Louisiana lawmakers have officially formed a bipartisan task force aimed at figuring out the best path forward to keep the TOPS program alive.
In its nearly two-decade history, the cost of the college scholarship program has ballooned. Its budget grew from about $50 million in 1999 to about $290 million for this fiscal year, according to records from the Legislative Fiscal Office and the Legislative Auditor’s Office. The expansion is in part the result of rising tuition.
“We haven't really been honest with ourselves that it is not sustainable in the current model,” said Rep. Ted James, D-Baton Rouge. He is one member of the ten-person study panel.
Last year, the scholarship was underfunded for the first time in its history. The thought of that happening again is nerve-wracking for some parents, especially those with kids still in middle school and high school.
“In five, six years, I would like for it to still be around in order to help my daughter,” said Cilicia Tyson. Her daughter is about to enter 7th grade.
Starting in September, the task force will begin meeting. Their key goal is finding a way to rein in costs while continuing to help families.
“Doing nothing is not an option moving forward,” said Rep. Franklin Foil, R-Baton Rouge, who is also a member of the task force.
This past spring, he was one of several state lawmakers to sponsor bills aimed at reforming the scholarship program. His bill, which would have boosted GPA requirements, failed. The other bills also stalled at the capitol.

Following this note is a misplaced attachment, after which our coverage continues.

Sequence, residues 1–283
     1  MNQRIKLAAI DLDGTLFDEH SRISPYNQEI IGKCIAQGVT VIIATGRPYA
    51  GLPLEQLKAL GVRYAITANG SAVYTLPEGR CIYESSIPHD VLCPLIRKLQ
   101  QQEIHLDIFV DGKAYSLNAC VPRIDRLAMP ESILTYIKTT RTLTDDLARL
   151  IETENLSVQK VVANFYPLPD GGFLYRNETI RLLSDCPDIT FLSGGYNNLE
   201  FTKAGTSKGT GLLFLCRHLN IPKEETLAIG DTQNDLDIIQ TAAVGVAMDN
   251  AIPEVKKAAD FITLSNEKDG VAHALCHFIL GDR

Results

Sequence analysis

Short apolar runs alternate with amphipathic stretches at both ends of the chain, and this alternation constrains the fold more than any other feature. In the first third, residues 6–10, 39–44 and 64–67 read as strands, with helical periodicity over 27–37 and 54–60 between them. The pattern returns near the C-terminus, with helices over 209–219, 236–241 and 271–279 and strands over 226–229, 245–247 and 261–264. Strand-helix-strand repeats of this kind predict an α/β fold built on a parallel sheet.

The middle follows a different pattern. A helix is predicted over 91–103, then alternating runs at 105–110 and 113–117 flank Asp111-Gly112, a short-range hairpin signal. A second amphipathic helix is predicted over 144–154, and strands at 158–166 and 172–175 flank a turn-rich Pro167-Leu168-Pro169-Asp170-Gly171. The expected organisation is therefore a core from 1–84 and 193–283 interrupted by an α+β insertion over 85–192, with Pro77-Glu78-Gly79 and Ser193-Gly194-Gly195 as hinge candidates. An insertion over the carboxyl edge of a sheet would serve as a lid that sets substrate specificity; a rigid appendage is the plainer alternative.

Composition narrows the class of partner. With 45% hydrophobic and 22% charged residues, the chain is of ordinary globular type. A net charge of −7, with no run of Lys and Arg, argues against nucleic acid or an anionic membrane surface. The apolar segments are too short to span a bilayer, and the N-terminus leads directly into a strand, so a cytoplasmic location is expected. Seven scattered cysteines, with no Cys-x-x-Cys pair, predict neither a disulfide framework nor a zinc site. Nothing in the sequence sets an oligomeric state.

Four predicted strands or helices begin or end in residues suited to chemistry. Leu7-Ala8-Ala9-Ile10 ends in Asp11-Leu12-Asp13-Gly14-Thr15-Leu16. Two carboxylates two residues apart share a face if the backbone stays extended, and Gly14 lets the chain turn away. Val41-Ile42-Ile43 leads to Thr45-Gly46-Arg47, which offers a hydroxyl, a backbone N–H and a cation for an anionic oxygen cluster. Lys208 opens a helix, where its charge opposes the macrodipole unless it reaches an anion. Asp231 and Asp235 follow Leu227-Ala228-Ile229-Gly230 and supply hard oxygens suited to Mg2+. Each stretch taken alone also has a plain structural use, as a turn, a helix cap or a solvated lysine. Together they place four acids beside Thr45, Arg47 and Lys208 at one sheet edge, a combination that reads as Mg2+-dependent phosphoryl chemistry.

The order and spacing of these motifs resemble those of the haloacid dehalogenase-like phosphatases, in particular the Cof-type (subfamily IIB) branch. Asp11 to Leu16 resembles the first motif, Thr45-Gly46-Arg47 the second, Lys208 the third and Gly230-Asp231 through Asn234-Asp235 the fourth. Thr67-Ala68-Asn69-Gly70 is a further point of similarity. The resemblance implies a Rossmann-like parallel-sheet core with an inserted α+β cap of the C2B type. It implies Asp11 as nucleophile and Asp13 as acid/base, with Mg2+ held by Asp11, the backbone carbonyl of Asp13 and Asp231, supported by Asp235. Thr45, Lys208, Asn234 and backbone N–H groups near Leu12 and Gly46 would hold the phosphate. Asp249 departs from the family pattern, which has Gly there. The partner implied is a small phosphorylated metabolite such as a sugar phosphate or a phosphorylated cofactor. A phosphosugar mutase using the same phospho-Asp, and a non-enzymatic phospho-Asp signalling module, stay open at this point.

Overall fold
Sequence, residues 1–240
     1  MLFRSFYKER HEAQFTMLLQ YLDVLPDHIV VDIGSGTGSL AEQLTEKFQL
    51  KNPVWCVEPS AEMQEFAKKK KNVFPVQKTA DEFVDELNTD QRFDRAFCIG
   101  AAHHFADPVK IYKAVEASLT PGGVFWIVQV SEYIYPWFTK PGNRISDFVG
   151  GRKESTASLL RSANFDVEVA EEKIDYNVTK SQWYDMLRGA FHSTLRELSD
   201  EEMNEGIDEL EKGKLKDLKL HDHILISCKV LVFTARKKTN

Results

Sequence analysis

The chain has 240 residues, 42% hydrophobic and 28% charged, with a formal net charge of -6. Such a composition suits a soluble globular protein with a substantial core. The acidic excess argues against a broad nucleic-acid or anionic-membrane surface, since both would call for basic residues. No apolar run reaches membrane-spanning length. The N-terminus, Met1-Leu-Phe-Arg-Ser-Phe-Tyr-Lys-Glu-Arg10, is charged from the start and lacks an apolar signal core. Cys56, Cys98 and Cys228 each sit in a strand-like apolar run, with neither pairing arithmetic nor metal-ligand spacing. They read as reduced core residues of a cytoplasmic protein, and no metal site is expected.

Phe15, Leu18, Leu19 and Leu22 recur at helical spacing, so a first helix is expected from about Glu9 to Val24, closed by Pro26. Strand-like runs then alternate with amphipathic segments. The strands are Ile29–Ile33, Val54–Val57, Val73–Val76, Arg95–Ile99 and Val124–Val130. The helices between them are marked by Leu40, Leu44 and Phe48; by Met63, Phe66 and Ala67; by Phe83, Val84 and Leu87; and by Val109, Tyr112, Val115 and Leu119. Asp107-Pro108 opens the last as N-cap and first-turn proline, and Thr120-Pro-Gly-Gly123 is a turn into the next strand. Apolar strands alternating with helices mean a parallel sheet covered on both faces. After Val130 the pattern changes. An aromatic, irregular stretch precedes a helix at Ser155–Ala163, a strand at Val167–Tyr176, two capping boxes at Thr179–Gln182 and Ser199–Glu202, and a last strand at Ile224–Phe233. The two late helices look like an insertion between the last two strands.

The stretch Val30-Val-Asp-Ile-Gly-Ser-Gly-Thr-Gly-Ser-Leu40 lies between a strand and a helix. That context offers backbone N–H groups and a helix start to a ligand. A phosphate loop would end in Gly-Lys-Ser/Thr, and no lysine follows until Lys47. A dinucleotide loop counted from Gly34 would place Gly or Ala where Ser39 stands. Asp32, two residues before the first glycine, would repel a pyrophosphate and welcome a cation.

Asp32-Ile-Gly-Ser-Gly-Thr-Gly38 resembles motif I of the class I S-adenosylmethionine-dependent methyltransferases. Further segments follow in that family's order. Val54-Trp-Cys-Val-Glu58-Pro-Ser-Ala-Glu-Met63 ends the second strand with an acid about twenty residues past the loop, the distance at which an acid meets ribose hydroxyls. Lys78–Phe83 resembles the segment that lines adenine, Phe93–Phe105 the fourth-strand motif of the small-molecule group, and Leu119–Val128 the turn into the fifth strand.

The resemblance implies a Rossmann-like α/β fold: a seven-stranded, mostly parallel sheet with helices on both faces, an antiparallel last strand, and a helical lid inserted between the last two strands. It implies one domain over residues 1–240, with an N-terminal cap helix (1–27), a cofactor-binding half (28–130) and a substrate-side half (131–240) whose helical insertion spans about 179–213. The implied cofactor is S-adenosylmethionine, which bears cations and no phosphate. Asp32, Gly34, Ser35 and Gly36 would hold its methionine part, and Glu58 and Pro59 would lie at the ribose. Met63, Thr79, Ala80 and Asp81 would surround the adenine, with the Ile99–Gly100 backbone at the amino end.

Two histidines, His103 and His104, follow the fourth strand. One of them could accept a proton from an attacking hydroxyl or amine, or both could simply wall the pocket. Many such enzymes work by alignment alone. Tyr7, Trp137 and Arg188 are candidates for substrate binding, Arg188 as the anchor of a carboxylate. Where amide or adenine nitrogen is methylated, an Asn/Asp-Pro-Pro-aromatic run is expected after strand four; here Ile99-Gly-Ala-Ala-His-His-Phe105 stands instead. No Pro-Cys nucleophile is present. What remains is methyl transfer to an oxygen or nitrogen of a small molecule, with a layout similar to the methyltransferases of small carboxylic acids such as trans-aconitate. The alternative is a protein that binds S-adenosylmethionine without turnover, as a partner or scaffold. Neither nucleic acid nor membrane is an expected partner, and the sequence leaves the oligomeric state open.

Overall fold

Foil says you can expect old, familiar ideas to resurface again as the panel studies TOPS. That includes boosting GPA benchmarks. “It should be a merit based program, doesn't matter how much your parents make, if you as a student make the grades, you should get the TOPS scholarship,” said Foil.
Ultimately, the debate will likely center on what TOPS should look like. Should it be merit-based or need-based? Or perhaps, somewhere in the middle?
“Louisiana, we are one of the poorest states. So we have to do more for those students if we are serious about moving the economy,” said James.
The ten-person panel is split between House and Senate lawmakers. In addition to Foil and James, it includes the following people:
Rep. Nancy Landry, R-Lafayette
Rep. Thomas Carmody, R-Shreveport
Rep. Gary Carter, D-New Orleans
From the Senate, members include:
Wesley Bishop, D-New Orleans
Ed Price, D-Gonzales
Bodi White, R-Baton Rouge
Mike Walsorth, R-West Monroe
Sen. Blade Morrish, R-Jennings, will serve as chairman.
The group's first meeting is set for September 6. Morrish says they could end up coming up with recommendations for legislation before next year’s session.